Drake Wins “Pound Cake/Paris Morton Music 2” Sample Lawsuit
Drake gets another win.
According to a report by The Hollywood Reporter published on Monday (Feb. 3), the Second Circuit Court of Appeals agreed with Drizzy that he fairly used the 1982 spoken-word track, "Jimmy Smith Rap"—a recording by late Jazz musician, Jimmy Smith—for his Nothing Was the Same track, "Pound Cake/Paris Morton Music 2."
This is a big win for Drake and his legal team because it's rare for the "fair use" designation to be given to artists sampling for songs.
"'Pound Cake' does just that," the Second Circuit stated in its summary judgment order. "The message of the 'Jimmy Smith Rap' is one about the supremacy of jazz to the derogation of other types of music, which — unlike jazz — will not last. On the other hand, 'Pound Cake' sends a counter message — that it is not jazz music that reigns supreme, but rather all 'real music,' regardless of genre."
Lawyers for Jimmy Smith’s estate had no comment on the matter.
On Tuesday (May 30), Drake added another big W to his interminable winning streak when he won a lawsuit over the sample he used for his Nothing Was the Same cut, "Pound Cake/Paris Morton Music 2."
Drake won the case by being able to convince the judge he fairly used the 1982 spoken-word track, "Jimmy Smith Rap"—a recording by late Jazz musician, Jimmy Smith—and that there was no liability for copyright infringement. As The Hollywood Reporter notes, this is a notable accomplishment for Drizzy and his legal team because it's rare for the "fair use" designation to be given to artists sampling for songs. This was essentially made possible by U.S. District Court judge William H. Pauley III, who decided to consider Drizzy's intentions when analyzing the use of the sample.
According to facts from the case, Cash Money—the label Drizzy's signed to through Young Money—worked with a music licensing company to gain possession of all the licenses they needed. Among the records they reportedly gained a license for was "Jimmy Smith Rap." The problem was, getting it cleared didn't go as smoothly because the estate of Jimmy Smith claimed Smith wasn't a fan of hip-hop.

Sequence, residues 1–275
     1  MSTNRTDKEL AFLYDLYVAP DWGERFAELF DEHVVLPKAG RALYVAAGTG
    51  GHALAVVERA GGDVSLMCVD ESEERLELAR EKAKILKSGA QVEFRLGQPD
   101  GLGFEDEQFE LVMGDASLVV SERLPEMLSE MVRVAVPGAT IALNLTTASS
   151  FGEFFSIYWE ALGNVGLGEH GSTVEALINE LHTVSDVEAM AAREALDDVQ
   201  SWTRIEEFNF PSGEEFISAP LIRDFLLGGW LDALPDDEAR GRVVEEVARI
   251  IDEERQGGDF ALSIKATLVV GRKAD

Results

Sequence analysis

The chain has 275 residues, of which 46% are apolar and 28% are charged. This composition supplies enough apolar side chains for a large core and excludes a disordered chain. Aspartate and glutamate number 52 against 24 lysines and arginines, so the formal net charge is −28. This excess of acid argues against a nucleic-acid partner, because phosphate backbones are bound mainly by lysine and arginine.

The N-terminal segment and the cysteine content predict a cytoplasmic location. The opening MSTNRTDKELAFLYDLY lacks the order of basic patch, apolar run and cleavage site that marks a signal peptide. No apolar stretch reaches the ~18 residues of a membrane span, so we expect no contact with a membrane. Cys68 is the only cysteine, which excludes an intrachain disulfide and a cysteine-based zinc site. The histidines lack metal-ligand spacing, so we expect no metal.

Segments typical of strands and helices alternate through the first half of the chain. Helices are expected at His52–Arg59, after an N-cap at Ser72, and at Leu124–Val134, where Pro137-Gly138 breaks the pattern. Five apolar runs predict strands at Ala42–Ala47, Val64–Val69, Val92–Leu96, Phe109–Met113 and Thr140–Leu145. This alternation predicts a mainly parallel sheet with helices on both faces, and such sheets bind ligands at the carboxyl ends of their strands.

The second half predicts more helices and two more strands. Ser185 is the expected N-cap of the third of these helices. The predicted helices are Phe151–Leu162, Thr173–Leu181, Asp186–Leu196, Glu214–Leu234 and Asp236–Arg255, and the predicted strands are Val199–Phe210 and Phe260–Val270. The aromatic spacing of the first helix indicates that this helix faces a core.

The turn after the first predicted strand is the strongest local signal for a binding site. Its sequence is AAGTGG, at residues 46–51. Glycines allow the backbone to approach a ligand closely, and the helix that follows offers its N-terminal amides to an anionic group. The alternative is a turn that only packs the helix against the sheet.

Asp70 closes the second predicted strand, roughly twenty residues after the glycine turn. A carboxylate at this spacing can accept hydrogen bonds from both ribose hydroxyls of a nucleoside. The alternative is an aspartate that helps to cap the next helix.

It turns out the original recording Drizzy used supports the estate's claim. In the original lyrics, Smith states, "Jazz is the only real music that's gonna last. All that other bullshit is here today and gone tomorrow. But jazz was, is and always will be."
For the beginning of "Pound Cake/Paris Morton Music 2," the Toronto rapper altered the quote to say, "Only real music's gonna last. All that other bullshit is here today and gone tomorrow." See the difference?
Anyway, Judge Pauley ruled that Drizzy had altered the sample enough that it couldn't really be called a copy, ruling that "Pound Cake/Paris Morton Music 2" "transforms Jimmy Smith's brazen dismissal of all non-jazz music into a statement that 'real music,' with no qualifiers, is 'the only thing that's gonna last.'"
Ruling that Drizzy's purpose with the sample was "sharply different" from Smith's, Judge Pauley wrote, "This is precisely the type of use that 'adds something new, with a further purpose or different character, altering the first [work] with new expression, meaning or message." Sounds legit.
The estate claimed Drizzy's fans wouldn't recognize Smith or his vocals, and so therefore wouldn't realize Drake had altered Smith's original statement. Judge Pauley claimed that fact didn't preclude Drizzy or others in similar situations from finding "transformative use" for the track, thus gaining a credible claim of "fair use."
Judge Pauley then evaluated the estate's claim that Drizzy had used too much of Smith's audio. They claim he should have just used the "only real music's going to last" bit. Judge Pauley disagreed.
"Far from being extraneous to 'Pound Cake’s' statement on the importance of 'real' music, Defendants’ use of the lines describing the recording of Off the Top serve to drive the point home," the judge wrote. "The full extent of the commentary is, in this Court’s view, that many musicians make records in similar ways (e.g. with the help of A&R experts or the stimulating effects of champagne), but that only 'real' music — regardless of creative process or genre — will stand the test of time."
So there you have it. Complex legal jargon aside, Drizzy takes home another big W.
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